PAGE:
• First Flight Theatre Company streams the second half of its virtual production of "The Whitlings," a rarely performed 1779 comedy of manners by Franny Burney that sends up 18th-century literary society. Part two of First Flight's two-part production -- featuring 12 actors from the United States and Great Britain -- will be livestreamed at 2 p.m. Sunday, April 18. It will stream on demand Tuesday through Thursday, April 20-22. See firstflighttheatreco.com for more information.
• "That's Weird, Grandma: House Par-tay," PlayMakers Laboratory's virtual online revue made up of stage adaptations of stories penned by Chicago public school students, continues through June 28. Performances stream at 8 p.m. Mondays. Tickets range from $2 to $4 and are available at playmakerslab.org.
• "The Plane That Took a Train," a new musical radio play for children by Chicago singer/songwriter Steve Dawson and Milwaukee psychiatrist/musician Bob Druker, is available on Apple and Spotify podcast platforms. It unfolds in six episodes chronicling a group of humans, animals and a plane that go on a quest to save their homeland. See theplanethattookatrain.com.
• Metropolis Performing Arts Centre hosts its annual gala Mask-erade as a virtual event on April 30. Metropolis School of the Performing Arts faculty and students will perform selections from upcoming shows including "Little Shop of Horrors" and "My Way: A Musical Tribute to Frank Sinatra." The evening also includes online live and silent auctions. Tickets range from $25 to $1,500 (which includes a VIP house party for eight people). See metropolisarts.com.
• Ma-Yi Theater Company, in coordination with the Chicago International Puppet Theatre Festival, premieres "Vancouver," a puppet play by Ralph B. Pena about a biracial family that moves from Japan to the Pacific Northwest. The production, which is for ages 13 and older, debuts online on April 30 at mayistudios.com or at chicagopuppetfest.org. Admission is free, but donations are encouraged at the Ma-Yi website.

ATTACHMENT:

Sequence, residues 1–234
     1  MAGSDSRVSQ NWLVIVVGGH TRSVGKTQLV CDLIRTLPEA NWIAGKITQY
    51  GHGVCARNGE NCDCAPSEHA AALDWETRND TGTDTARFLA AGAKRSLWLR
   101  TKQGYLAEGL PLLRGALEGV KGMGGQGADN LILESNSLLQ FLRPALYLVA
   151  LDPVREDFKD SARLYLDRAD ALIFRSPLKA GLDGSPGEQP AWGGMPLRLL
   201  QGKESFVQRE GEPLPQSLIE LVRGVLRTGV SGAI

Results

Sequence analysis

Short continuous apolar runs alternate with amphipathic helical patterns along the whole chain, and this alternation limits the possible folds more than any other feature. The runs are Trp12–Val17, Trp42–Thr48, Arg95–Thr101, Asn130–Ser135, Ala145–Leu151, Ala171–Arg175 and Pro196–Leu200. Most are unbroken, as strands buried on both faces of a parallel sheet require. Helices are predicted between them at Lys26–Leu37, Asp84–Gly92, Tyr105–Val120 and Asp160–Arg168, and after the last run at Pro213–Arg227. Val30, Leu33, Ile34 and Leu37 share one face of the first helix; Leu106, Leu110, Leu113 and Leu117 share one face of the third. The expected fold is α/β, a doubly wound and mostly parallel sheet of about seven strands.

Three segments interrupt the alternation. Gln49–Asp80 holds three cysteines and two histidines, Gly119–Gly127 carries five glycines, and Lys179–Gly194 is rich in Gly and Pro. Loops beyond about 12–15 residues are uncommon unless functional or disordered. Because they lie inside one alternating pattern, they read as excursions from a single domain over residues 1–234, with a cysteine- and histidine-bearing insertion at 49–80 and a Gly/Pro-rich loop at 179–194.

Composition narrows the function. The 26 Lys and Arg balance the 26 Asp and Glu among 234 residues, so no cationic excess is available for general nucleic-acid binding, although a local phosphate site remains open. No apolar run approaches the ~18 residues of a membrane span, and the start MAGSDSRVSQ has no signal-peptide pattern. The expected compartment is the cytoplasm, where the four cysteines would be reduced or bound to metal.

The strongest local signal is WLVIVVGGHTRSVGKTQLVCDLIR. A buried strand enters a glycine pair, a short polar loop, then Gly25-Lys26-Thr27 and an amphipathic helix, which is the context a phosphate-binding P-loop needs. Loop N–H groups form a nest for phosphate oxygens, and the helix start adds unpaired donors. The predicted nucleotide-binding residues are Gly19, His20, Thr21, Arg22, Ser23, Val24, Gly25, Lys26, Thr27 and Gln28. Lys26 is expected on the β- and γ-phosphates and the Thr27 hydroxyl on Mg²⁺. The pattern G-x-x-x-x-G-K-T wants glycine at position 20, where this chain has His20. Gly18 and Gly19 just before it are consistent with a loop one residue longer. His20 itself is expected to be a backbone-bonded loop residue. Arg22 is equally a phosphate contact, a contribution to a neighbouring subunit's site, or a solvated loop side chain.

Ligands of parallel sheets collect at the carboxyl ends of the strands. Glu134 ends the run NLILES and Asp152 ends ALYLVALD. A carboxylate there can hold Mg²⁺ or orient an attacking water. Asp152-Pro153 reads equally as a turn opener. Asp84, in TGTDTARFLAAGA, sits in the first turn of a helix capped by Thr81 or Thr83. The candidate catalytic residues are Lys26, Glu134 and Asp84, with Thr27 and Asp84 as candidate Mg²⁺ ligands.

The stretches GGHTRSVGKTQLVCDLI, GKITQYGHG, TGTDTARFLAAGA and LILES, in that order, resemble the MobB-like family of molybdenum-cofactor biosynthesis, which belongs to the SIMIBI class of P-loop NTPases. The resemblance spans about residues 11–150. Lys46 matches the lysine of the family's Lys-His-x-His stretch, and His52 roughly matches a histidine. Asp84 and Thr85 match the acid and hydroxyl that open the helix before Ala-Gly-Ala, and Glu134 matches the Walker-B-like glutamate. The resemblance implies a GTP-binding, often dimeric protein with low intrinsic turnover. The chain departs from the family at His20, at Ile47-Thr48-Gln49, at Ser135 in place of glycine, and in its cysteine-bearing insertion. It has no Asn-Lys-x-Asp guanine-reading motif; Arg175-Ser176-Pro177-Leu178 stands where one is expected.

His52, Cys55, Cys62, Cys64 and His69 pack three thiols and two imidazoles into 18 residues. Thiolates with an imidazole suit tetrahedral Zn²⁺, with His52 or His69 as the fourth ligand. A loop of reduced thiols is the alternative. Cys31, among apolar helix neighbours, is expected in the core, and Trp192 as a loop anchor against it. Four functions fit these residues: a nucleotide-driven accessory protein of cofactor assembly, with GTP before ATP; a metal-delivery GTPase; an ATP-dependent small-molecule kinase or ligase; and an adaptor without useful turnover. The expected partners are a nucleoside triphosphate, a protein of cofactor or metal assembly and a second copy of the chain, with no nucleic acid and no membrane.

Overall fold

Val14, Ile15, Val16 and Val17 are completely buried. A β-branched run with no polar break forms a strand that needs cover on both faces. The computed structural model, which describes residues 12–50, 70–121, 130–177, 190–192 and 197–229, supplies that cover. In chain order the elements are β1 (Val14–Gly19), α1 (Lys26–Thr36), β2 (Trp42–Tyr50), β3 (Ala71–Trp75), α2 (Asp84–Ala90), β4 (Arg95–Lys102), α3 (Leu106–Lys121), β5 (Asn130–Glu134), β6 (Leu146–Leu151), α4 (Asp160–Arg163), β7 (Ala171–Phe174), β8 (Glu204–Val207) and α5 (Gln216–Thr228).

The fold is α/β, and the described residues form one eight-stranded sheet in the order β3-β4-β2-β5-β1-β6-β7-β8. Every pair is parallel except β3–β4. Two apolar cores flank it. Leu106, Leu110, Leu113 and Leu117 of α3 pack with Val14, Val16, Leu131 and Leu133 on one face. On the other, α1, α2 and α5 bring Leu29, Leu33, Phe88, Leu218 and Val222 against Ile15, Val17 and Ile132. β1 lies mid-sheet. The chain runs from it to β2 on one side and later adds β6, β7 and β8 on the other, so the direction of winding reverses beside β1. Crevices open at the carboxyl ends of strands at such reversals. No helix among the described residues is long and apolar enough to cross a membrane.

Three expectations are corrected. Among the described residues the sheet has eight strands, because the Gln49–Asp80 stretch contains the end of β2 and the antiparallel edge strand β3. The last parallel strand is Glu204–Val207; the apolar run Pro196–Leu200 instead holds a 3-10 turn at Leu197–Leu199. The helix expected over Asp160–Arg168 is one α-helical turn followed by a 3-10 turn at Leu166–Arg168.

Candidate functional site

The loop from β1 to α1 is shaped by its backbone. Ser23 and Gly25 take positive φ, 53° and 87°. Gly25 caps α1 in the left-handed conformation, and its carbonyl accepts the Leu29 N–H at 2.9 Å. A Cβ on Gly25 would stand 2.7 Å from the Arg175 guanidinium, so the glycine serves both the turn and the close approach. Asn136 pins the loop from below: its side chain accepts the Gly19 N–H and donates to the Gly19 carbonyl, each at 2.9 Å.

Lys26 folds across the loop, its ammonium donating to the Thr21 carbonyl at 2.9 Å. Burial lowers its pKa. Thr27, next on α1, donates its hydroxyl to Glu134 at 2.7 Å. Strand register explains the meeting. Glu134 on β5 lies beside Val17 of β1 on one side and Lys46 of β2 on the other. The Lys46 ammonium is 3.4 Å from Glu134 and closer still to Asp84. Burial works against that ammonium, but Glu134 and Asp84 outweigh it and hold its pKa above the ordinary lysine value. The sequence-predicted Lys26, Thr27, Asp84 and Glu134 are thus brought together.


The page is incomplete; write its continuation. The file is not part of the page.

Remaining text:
• Filament Theatre, a Chicago ensemble that creates theater for young audiences, established a new initiative to allow youngsters in grades 3 through 7 to choose what appears next on stage. Dubbed SPARK, the initiative consists of 12 children from around the country who evaluate artist submissions along with education director Molly Blunder. The artists selected for monthlong Filament residencies include actress/writer/musician Sonia Goldberg, composer/teaching artist Danny Clay and painter/designer Hannah Markey.
• Mercury Theater Chicago announced it will reopen under new artistic leadership with Christopher Chase Carter stepping into the role of artistic director. Mercury Theater executive producer Walter Stearns announced last July the venue would close permanently, but subsequent federal support and refinancing will now enable management to "remake theater into something better for the future," said Stearns in a prepared statement. "We will create art that represents the world in which we live," said Carter in a prepared statement. "I am determined to create a safe and fair environment while focused on equality and inclusivity. We look forward to welcoming and supporting a new generation of artists."